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The Acute Care Surgery model has been implemented by many hospitals in the United States. As complex adaptive systems, healthcare systems are composed of many interacting elements that respond to intrinsic and extrinsic inputs. Systems level analysis may reveal the underlying organizational structure of tactical block allocations like the Acute Care Surgery model. The purpose of this study is to demonstrate one method to identify a key characteristic of complex adaptive systems in the perioperative services. Start and end times for all surgeries performed at the University of Vermont Medical Center OR1 were extracted for two years prior to the transition to an Acute Care Surgery service and two years following the transition. Histograms were plotted for the inter-event times calculated from the difference between surgical cases. A power law distribution was fit to the post-transition histogram. The Kolmogorov-Smirnov test for goodness-of-fit at 95% level of significance shows the histogram plotted from post-transition inter-event times follows a power law distribution (K-S = 0.088, p = 0.068), indicating a Complex Adaptive System. Our analysis demonstrates that the strategic decision to create an Acute Care Surgery service has direct implications on tactical and operational processes in the perioperative services. Elements of complex adaptive systems can be represented by a power law distributions and similar methods may be applied to identify other processes that operate as complex adaptive systems in perioperative care. To make sustained improvements in the perioperative services, focus on manufacturing-based interventions such as Lean Six Sigma should instead be shifted towards the complex interventions that modify system-specific behaviors described by complex adaptive system principles when power law relationships are present.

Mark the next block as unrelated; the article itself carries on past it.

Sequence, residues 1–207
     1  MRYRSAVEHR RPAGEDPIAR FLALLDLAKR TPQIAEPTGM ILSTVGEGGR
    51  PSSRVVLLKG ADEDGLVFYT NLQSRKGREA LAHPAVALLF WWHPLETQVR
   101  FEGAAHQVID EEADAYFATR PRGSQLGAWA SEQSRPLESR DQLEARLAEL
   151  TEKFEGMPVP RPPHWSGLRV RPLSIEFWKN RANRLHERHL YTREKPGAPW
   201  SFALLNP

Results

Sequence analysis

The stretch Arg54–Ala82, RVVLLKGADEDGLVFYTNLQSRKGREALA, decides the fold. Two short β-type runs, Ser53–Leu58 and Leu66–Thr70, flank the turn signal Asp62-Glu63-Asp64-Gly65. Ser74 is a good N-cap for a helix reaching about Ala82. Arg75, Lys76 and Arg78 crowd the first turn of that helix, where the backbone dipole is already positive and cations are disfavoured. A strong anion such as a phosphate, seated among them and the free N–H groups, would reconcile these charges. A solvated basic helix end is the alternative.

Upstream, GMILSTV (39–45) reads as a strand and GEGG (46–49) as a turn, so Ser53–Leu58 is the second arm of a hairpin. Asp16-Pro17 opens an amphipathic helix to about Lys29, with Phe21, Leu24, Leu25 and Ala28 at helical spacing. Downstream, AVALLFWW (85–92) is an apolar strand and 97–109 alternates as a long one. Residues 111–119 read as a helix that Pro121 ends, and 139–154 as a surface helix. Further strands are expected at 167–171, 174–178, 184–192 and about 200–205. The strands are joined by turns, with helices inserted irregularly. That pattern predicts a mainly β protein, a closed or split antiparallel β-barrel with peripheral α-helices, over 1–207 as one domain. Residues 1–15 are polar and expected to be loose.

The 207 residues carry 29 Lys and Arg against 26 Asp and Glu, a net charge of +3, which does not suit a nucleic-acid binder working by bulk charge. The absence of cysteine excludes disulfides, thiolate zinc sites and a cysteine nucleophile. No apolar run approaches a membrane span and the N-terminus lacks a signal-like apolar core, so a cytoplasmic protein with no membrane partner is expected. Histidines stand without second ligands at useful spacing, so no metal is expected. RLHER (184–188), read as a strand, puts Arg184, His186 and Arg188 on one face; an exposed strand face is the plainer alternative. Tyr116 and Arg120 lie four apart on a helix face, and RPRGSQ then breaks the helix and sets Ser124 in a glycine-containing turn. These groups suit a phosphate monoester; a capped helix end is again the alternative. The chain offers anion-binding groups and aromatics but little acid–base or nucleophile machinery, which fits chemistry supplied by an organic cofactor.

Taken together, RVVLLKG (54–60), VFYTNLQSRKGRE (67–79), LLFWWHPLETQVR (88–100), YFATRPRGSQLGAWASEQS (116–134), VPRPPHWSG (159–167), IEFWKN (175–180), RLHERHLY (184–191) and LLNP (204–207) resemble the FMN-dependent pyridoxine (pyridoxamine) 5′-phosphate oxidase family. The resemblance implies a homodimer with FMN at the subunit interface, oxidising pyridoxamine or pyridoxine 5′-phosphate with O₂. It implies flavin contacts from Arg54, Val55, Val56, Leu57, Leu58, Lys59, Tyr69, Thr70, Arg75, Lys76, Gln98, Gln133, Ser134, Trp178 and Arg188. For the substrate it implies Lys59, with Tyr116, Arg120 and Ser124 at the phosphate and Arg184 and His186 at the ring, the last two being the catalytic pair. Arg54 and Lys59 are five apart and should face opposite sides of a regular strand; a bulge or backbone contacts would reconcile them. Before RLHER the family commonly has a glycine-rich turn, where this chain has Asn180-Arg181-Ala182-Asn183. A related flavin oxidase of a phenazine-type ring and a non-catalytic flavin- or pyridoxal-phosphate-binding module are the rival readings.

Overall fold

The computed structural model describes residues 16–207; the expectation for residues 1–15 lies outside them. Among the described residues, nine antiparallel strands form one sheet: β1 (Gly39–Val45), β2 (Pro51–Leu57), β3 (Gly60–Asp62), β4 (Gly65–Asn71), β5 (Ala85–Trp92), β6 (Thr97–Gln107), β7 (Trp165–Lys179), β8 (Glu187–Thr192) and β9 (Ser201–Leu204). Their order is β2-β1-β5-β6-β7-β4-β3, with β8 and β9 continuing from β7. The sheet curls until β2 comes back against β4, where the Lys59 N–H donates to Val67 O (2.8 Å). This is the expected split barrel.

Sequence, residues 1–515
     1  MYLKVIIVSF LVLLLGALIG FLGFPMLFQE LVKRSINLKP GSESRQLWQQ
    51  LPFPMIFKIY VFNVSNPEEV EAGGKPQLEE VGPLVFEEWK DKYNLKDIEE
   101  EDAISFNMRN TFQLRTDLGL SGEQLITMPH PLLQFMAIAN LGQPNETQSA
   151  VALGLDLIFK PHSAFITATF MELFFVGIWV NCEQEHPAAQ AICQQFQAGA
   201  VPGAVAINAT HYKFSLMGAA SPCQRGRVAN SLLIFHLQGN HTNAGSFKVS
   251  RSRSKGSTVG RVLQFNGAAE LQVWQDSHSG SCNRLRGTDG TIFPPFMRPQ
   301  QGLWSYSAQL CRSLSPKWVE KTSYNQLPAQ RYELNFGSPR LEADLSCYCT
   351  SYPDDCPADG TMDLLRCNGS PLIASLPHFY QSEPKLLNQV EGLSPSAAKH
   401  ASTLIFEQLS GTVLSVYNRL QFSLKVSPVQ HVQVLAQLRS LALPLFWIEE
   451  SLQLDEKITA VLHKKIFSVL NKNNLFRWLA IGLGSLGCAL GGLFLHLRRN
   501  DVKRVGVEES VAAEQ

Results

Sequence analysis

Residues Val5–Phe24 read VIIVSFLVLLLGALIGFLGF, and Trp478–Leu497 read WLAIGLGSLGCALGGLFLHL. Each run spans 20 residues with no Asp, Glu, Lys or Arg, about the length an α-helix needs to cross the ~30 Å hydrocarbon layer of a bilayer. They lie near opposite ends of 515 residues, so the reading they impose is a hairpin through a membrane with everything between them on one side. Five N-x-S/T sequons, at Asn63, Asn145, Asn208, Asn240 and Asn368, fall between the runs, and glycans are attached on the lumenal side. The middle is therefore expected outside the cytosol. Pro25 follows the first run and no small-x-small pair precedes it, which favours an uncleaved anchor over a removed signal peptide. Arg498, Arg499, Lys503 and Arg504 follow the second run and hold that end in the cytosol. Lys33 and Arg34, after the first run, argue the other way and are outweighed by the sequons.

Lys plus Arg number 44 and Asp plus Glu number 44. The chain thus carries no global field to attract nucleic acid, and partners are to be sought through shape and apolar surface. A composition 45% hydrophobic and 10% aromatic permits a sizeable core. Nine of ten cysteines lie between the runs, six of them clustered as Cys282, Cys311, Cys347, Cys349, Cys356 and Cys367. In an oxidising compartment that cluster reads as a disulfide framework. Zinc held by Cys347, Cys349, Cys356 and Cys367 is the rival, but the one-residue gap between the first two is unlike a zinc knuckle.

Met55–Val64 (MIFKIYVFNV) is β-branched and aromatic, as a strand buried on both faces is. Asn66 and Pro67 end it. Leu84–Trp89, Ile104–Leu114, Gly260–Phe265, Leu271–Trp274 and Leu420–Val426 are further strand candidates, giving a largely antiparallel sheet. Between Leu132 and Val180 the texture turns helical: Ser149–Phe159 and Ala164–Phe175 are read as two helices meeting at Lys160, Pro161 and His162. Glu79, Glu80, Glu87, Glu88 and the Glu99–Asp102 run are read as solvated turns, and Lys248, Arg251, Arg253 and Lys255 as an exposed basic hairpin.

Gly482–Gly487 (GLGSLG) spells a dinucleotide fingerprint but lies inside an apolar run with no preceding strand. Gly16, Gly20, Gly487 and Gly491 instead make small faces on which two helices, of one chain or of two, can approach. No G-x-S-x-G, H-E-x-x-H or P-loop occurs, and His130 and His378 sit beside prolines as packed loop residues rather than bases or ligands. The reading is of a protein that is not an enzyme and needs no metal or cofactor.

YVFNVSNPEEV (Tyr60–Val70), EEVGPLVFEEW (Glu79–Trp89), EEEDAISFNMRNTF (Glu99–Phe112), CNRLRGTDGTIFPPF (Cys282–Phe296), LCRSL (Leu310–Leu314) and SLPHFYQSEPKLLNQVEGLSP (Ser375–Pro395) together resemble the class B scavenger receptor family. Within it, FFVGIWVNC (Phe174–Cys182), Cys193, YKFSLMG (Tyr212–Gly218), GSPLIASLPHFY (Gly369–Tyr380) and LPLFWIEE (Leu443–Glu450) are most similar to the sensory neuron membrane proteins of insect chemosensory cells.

Original publication




Journal article


J Med Syst

Publication Date





Complex adaptive systems, Inter-event times, Operating room management, Perioperative services, Power law, acute care surgery, Critical Care, Delivery of Health Care, Hospitals, Humans, Operating Rooms, Total Quality Management, United States